Republican Sen. Lindsey Graham, a Putin critic, tweeted: “if it were me, I’d check the soccer ball for listening devices and never allow it in the White House.”

Russia’s organization of the monthlong World Cup, which ended Sunday, won wide praise.

Ranking potential host cities for 2026 World Cup

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With the excitement of the 2026 World Cup being awarded to the United States of America, Canada and Mexico, a lot of the focus has already switched to one thing: where will the games be played?

[ MORE: Full details on 2026 World Cup ]

Given the huge distances between potential host cities, the envy of certain stadiums being on the list of 23 potential venues is very real across some parts of the U.S., Mexico and Canada.

But with that initial list of 23 cities set to be whittled down to 16 in the coming years, and the likes of Vancouver and Chicago not even making that final list as both pulled out, it is a ridiculously tough decision to finalize where the World Cup games will be played.

Below is a ranking of the potential 23 host cities, with seven to miss out.

With the joint bid involving the USA, Mexico and Canada but 60 of the 80 games to be played in the U.S., you would think that a fair distribution of 10 U.S. cities and three each for Mexico and Canada is what the bid is looking at as their aim is to reach as many people as possible across all three countries.

But, when you think about it, maybe 12 U.S. cities and two each from Mexico and Canada would work a little better. With that in mind, we have two scenarios below as the geography of spreading the games out across North America is extremely tough. 

Here’s a look at where we think the games will be played during the 2026 World Cup but, of course, a lot can change in the next eight years…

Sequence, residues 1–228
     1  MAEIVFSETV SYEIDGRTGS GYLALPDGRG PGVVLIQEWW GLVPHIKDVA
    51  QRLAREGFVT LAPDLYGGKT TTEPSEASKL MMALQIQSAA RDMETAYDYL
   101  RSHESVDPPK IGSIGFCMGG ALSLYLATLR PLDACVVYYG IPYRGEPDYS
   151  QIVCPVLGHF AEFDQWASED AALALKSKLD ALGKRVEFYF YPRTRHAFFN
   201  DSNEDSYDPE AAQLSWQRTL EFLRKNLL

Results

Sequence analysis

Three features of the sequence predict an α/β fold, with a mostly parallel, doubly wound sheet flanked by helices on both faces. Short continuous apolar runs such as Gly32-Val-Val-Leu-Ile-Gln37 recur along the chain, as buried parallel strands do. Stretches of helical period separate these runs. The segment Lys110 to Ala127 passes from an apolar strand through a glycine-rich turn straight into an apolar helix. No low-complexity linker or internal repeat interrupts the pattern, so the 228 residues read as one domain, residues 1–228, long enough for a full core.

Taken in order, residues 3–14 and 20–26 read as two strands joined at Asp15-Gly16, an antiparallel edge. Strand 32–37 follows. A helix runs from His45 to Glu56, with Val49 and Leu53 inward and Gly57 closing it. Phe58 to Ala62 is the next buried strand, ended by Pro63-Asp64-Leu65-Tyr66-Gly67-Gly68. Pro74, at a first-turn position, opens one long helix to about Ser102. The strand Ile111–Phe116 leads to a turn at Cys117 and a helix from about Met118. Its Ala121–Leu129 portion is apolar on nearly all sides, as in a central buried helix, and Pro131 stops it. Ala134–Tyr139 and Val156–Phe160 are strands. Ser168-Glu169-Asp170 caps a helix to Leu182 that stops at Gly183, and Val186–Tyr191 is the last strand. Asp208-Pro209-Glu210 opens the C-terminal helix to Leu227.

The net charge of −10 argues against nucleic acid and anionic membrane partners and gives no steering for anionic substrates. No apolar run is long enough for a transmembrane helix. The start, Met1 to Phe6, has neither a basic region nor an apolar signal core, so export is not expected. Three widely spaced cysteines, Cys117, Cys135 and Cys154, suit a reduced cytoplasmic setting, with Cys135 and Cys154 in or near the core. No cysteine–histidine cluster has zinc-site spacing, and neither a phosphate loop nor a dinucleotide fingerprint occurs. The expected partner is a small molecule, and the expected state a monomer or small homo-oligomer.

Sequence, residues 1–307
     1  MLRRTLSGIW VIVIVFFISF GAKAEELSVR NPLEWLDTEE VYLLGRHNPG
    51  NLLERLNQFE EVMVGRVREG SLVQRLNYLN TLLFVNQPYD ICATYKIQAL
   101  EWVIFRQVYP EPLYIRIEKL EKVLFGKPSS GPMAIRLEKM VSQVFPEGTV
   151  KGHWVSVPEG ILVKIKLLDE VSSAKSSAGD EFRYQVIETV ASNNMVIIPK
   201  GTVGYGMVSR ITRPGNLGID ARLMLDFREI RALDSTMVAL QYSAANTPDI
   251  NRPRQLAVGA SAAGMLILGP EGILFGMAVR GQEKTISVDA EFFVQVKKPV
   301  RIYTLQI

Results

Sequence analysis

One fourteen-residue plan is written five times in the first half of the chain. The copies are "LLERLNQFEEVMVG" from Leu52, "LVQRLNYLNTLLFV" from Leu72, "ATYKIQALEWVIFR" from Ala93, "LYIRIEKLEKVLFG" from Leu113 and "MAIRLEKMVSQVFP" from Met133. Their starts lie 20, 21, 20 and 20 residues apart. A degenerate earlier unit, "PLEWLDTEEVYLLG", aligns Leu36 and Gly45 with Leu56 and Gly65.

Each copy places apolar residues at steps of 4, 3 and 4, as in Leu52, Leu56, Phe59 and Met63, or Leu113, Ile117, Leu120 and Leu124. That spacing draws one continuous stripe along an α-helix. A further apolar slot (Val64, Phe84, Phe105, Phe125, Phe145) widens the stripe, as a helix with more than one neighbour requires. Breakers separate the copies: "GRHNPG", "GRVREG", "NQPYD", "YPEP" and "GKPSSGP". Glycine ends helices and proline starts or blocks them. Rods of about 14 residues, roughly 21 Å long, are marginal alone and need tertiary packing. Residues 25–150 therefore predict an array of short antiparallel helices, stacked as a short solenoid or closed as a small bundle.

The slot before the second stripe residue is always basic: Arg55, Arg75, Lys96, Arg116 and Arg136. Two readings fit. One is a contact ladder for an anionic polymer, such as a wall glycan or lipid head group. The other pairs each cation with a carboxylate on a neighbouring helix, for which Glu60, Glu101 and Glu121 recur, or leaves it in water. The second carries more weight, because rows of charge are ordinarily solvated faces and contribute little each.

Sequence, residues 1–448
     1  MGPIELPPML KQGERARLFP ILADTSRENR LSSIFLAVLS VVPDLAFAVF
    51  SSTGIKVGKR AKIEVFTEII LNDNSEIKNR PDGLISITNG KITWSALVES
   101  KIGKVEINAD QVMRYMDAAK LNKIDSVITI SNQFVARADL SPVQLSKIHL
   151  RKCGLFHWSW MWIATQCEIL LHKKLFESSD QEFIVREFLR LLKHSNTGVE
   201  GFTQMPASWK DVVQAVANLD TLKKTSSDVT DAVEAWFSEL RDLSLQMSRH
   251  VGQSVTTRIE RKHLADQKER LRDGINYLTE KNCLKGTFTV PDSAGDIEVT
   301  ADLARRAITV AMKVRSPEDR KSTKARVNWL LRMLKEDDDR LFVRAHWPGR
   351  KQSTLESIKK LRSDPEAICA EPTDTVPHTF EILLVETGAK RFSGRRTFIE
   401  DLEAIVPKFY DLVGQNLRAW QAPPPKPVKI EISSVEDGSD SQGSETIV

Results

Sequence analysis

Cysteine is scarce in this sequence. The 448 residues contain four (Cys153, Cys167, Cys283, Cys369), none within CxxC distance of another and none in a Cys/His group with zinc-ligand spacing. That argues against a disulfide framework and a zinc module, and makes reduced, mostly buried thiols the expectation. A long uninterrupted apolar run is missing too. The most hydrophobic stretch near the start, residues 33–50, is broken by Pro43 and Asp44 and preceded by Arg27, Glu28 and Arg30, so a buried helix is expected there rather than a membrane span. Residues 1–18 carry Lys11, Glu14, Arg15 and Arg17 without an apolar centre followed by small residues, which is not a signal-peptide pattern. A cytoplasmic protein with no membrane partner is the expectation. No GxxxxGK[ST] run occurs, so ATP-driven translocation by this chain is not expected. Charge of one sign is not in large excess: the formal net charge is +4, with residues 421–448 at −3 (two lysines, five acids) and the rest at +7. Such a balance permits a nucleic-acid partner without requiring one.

Scenario 1 – (10 U.S. cities, 3 Mexican cities, 3 Canadian cities)

  1. New York/New Jersey – MetLife Stadium
  2. Mexico City – Azteca Stadium
  3. Toronto – BMO Field
  4. Los Angeles – Rose Bowl
  5. Boston – Gillete Stadium
  6. Miami – Hard Rock Stadium
  7. Dallas – AT&T Stadium
  8. Washington D.C. – FedEx Field
  9. Atlanta – Mercedes Benz Stadium
  10. Montreal – Olympic Stadium
  11. Monterrey – Estadio BBVA Bancomer
  12. San Francisco/San Jose – Levi’s Stadium
  13. Guadalajara – Estadio Akron
  14. Kansas City – Arrowhead Stadium
  15. Seattle – CenturyLink Field
  16. Edmonton – Commonwealth Stadium

Seven cities to miss out

  1. Philadelphia – Lincoln Financial Field
  2. Houston – NRG Stadium
  3. Baltimore – M&T Bank Stadium
  4. Cincinnati – Paul Brown Stadium
  5. Denver – Mile High Stadium
  6. Nashville – Nissan Stadium
  7. Orlando – Camping World Stadium

Scenario 2 – (12 U.S. cities, 2 Mexican cities, 2 Canadian cities)

  1. New York/New Jersey – MetLife Stadium
  2. Mexico City – Azteca Stadium
  3. Toronto – BMO Field
  4. Los Angeles – Rose Bowl
  5. Boston – Gillete Stadium
  6. Miami – Hard Rock Stadium
  7. Dallas – AT&T Stadium
  8. Washington D.C. – FedEx Field
  9. Atlanta – Mercedes Benz Stadium
  10. Houston – NRG Stadium
  11. San Francisco/San Jose – Levi’s Stadium
  12. Philadelphia – Lincoln Financial Field
  13. Montreal – Olympic Stadium
  14. Monterrey – Estadio BBVA Bancomer
  15. Kansas City – Arrowhead Stadium
  16. Seattle – CenturyLink Field

Seven cities to miss out

  1. Baltimore – M&T Bank Stadium
  2. Denver – Mile High Stadium
  3. Cincinnati – Paul Brown Stadium
  4. Nashville – Nissan Stadium
  5. Orlando – Camping World Stadium
  6. Edmonton – Commonwealth Stadium
  7. Guadalajara – Estadio Akron

U.S. gets Russia’s World Cup vote as logic trumps politics

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MOSCOW (AP) The United States was able to celebrate a World Cup victory in Russia after all. Thanks to assistance from the host nation at a FIFA Congress addressed by President Vladimir Putin.